Stage 5 – Carhaix to Cap Fréhel. This stage is 158kms. I’ll hopefully have a tail wind for this one. It’s 40kms to the start of the next stage so, same as at the end of the last stage, may have to ride and find a hotel on the way.

Stage 6 – Dinan to Lisieux. This is the longest stage of the Tour at 226kms going via the Mont Saint-Michel. Hopefully I’ll have a tail wind for this stage also. From the finish, I need to work out, again, how to get to the start of the next stage in Le Mans. At 150kms, I may have to check out the trains or get another car.

Stage 7 – Le Mans to Châteauroux. A flat stage of 215kms. From Chareauroux, it’s 45kms to the start of the next stage so again, on my bike to find another hotel.

Stage 8 – Aigurande to Super-Besse Sancy. 190kms of medium mountains. It’s just 35kms from Super-Besse to Issoire for the start of the next stage.

Stage 9 – Issoire to Saint-Flour. 208kms through the Massif Central with the climb of the Puy Mary, a 4.4km gradient of 8%. Thankfully, the next day is a rest day and as it’s quite close to where my family are from. Who knows, I may possibly get a few home cooked meals, baths and a comfy bed (Bliss!!!).

Issoire to Saint-Flour - 208 km

Issoire to Saint-Flour - 208 km

Rest Day #1

Stage 10 – Aurillac to Carmaux. Relativelly short stage at 161kms. Just 5kms from Carmaux to Blaye-les-Mines, the start of the next stage so no problems there.

Stage 11 –  Blaye-les-Mines to Lavaur. Hilly stage at 168kms through some of the most beautiful villages in France. Last day before the Pyrenees. 45kms to the start of the next stage.

Stage 12 –  Cugnaux to Luz-Ardiden. 209kms with 3 mountain passes along the way, finishing at Luz Ardiden, where Lance Armstrong famously crashed after getting tangled up with a spectator’s bag. From the finish, it’s 65kms to the start of the next stage at Pau. Don’t know what the profile for this is but hopefully, it’ll be downhill.

Cugnaux to Luz-Ardiden - 209 km

Cugnaux to Luz-Ardiden - 209 km

Stage 13 –  Pau to Lourdes. Just one climb on this 156kms stage, the Col d’Aubisque. The last 50kms should be good. From Lourdes, it’s 75kms to Saint Gaudens.

Pau to Lourdes - 156 km

Pau to Lourdes - 156 km

Stage 14 –  Saint-Gaudens to Plateau de Beille. 168kms with 6 mountain passes;  the Col de Portet-d’Aspet, the Col de la Core, the Col de Latrape, the Col d’Agnes, the Port de Lers, and the finish on the Plateau de Beille.

Saint-Gaudens to Plateau de Beille - 168 km

Saint-Gaudens to Plateau de Beille - 168 km

Stage 15 – Limoux to Montpellier. 187 kms through great wine country. This stage is followed by another rest day. This will make it a bit easier in order to get to the next stage.

Rest Day #2

Stage 16 –  Saint-Paul-Trois-Châteaux to Gap. 163kms of uneventful riding without too many difficulties.

Stage 17 –  Gap to Pinerolo. First day in the Alpes, 179kms straight across into Italy. Again, a few long downhill stretches.

Gap to Pinerolo - 179 km

Gap to Pinerolo - 179 km

Stage 18 –  Pinerolo to Galibier Serre-Chevalier. 189kms. Nearing the end now but not until the assent of the Galibier which makes this the highest ever stage finish in the Tour’s history at 2645m altitude.

Gap to Pinerolo - 179 km

Pinerolo to Galibier Serre-Chevalier - 189 km

Stage 19 – Modane to Alpe-d’Huez. A short 109kms stage but one with a sting in the tail. The 21 hairpin bends of the Alpe d’Huez after going over the Galibier for the second time, from a different direction.

Pinerolo to Galibier Serre-Chevalier - 189 km

Modane to Alpe-d’Huez - 109 km

Stage 20 – Grenoble to Grenoble. This is the one and only individual Time Trial of the tour at 41kms. To get to Creteil, I’ll need to research the trains.

Stage 21 – Créteil to Paris Champs-Élysées. Last one. It’s 160kms but that’s with 8 laps of the Champs-Elysees. I think I’ll just do one lap only. After all, I’m doing the route, not the whole race. I think I can be allowed to cut this one short.

Conclusion – I must admit that now that I have seen the route, with the distances involved and the profile maps, I am quite worried at the enormity of the task ahead. The other problem is getting from one stage finish to the start of the next one all on the same day. This is important if I’m going to ride the route on a day to day basis. I’ll have to make sure that all hotels are booked in advance and that a detailed itinerary is prepared for each day’s cycling. Hotels need to be cheap but have Wi-Fi in order to blog on a daily basis.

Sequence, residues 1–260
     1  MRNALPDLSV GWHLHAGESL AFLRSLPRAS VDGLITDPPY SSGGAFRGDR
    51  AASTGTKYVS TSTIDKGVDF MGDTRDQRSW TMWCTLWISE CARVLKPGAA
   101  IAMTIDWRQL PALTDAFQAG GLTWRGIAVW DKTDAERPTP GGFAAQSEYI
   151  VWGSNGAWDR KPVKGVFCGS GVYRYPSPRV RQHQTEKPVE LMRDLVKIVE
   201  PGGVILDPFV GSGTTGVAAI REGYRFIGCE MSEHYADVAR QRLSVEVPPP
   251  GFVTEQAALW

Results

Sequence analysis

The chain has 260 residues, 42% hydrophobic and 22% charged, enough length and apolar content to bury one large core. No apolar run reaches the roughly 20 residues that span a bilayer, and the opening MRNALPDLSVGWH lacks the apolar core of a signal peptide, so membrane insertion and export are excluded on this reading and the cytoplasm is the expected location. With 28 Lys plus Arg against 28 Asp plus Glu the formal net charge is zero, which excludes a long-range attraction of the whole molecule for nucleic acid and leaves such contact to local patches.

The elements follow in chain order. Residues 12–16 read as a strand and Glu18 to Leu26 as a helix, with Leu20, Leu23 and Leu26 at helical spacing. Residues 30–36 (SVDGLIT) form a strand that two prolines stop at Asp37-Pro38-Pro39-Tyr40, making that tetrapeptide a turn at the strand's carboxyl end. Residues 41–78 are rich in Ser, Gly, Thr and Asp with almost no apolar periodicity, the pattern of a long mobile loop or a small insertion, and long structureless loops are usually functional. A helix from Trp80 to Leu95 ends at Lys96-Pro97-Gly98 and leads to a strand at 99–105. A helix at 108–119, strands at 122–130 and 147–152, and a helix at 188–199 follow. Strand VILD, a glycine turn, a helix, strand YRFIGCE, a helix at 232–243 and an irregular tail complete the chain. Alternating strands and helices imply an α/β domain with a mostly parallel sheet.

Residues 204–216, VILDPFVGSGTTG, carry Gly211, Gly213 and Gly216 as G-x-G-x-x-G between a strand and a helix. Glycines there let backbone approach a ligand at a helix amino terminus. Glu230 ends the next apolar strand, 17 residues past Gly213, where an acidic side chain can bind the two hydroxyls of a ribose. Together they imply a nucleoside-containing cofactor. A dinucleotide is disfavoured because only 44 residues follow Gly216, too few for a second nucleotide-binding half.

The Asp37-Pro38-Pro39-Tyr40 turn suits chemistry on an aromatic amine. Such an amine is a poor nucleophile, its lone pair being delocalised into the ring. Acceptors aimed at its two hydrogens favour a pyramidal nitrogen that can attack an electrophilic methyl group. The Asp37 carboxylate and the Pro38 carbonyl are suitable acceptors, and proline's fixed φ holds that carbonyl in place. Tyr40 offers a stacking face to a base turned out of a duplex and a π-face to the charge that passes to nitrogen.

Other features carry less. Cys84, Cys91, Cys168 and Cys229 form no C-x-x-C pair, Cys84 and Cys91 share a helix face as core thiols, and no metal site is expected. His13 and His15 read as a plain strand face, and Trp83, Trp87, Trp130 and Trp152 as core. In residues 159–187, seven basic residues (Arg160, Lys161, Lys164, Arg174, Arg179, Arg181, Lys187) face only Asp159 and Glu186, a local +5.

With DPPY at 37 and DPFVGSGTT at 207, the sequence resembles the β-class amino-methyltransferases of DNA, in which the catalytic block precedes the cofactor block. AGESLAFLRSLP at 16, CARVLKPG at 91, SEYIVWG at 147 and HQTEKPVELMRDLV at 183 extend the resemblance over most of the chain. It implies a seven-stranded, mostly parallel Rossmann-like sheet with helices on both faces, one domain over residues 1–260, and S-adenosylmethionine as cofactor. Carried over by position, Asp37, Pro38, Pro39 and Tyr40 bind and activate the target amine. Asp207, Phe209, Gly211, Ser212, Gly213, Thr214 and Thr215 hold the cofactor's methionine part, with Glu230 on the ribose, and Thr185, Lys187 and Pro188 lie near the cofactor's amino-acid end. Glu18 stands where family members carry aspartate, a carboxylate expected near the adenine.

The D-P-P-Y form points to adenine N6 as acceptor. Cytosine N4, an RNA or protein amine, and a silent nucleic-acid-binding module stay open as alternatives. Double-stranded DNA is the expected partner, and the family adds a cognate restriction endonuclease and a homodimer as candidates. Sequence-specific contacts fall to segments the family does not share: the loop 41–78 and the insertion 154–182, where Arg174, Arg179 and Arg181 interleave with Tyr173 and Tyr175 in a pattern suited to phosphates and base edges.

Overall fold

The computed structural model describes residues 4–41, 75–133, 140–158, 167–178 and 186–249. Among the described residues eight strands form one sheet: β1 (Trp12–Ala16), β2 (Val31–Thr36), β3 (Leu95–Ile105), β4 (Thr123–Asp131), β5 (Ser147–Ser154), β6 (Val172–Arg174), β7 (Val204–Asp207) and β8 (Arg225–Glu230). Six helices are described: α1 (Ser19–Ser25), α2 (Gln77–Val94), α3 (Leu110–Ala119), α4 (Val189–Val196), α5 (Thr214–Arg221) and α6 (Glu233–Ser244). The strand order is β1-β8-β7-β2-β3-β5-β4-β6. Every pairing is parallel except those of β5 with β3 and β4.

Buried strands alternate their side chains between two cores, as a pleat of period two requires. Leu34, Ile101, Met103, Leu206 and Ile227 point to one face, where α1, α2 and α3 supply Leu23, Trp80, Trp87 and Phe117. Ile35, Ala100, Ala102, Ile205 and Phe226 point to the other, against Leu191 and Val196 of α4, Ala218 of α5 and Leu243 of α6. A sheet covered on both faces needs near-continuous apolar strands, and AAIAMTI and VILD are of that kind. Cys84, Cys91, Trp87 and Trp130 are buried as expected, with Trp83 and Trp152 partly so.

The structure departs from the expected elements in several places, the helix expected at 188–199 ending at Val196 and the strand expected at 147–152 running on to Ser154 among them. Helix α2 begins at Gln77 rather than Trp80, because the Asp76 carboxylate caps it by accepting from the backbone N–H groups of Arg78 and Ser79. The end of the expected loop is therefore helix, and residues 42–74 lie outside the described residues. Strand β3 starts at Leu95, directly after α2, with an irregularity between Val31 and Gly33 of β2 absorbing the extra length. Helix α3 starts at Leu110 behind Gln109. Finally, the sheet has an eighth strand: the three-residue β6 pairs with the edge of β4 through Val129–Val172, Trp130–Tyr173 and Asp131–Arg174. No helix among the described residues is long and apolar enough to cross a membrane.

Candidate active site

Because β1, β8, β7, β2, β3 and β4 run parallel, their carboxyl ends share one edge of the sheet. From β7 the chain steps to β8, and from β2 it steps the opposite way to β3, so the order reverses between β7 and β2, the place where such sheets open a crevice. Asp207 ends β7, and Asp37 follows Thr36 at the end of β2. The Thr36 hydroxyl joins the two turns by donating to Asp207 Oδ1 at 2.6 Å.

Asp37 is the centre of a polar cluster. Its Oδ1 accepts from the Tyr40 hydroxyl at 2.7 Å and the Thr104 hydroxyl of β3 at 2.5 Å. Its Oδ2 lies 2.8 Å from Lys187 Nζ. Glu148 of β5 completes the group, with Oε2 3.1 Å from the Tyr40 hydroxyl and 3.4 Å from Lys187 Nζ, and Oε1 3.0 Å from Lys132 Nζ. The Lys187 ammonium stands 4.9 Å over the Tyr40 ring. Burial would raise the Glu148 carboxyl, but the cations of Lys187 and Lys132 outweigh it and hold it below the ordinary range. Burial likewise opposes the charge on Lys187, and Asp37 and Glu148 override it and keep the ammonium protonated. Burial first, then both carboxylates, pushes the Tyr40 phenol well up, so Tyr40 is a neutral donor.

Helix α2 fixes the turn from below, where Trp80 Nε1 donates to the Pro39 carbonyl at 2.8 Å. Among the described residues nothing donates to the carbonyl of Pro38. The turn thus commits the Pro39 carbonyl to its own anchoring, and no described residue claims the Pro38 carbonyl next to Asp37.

How many miles can I cycle day-in, day-out?

The Société du Tour de France regulations stipulate that the total mileage of Le Tour must not exceed 3,500 km (2170 miles), spread over 21 days of racing, which includes 2 compulsory rest days, during which the distance of 225 km (140 miles) cannot be exceeded more than twice. In preparing for this trip, I have often wondered whether this sort of mileage is achievable by a non racing amateur on a touring bike with panniers. Obviously, the TDF riders do this in one go, without stops. I, on the other hand, have all the time in the world. If I plan to set off each day by 8am, I could conceivably take 12hrs in which to complete that day’s stage. If you include stops totalling 2hrs, this reduces the actual ride time to 10hrs, giving an average speed of 22.5kph (14 mph) for a 225 km (140 mile) stage or, for the average 180 km (110 mile) stage, 18 kph (11 mph).

Personally, I think this is achievable, even though these sort of distances will have to be covered on a pannier laden touring bike day-in, day-out, for seven consecutive days. Currently, because of work commitments, I only train twice a week. If I do a road training session, it’s generally a hilly 25 mile route which I can easily do in one and a half hours at 18+ mph. My Heart Rate for these rides generally averages 168 bpm. Obviously, this is done on a lightweight road bike without panniers. Given the greater distances than my usual training rides, by lowering my effort/Heart Rate, I’m quite sure that I’ll be able to do that sort of mileage on a daily basis.

My only real worries are the long Alpine stages. Taking the 2010 Etap du Tour as an example, the181 kms stage from Pau to the Col du Tourmalet includes 3 Hors Category climbs: Col du Marie-Blanque, Col du Soulor and the 19km-long (with an average height difference of 7.4%) Col du Tourmalet. 10,000 amateur riders of varying standards started this event with just 6,888 riders finishing before the time limit. The fastest rider this year completed the stage 50 seconds short of 6 hours.

Etape du Tour 2010

Etape du Tour 2010

I’m hoping that by the time the Alpine Stage come along, I will have had a whole week of intense mileage under my belt, which should put me in good stead for these stages. I might be clutching at straws but for every climb, there’s a descent. Ultimately, I won’t know if I can do it until I actually do it……..or not!.

If anyone has any views on this, please comment.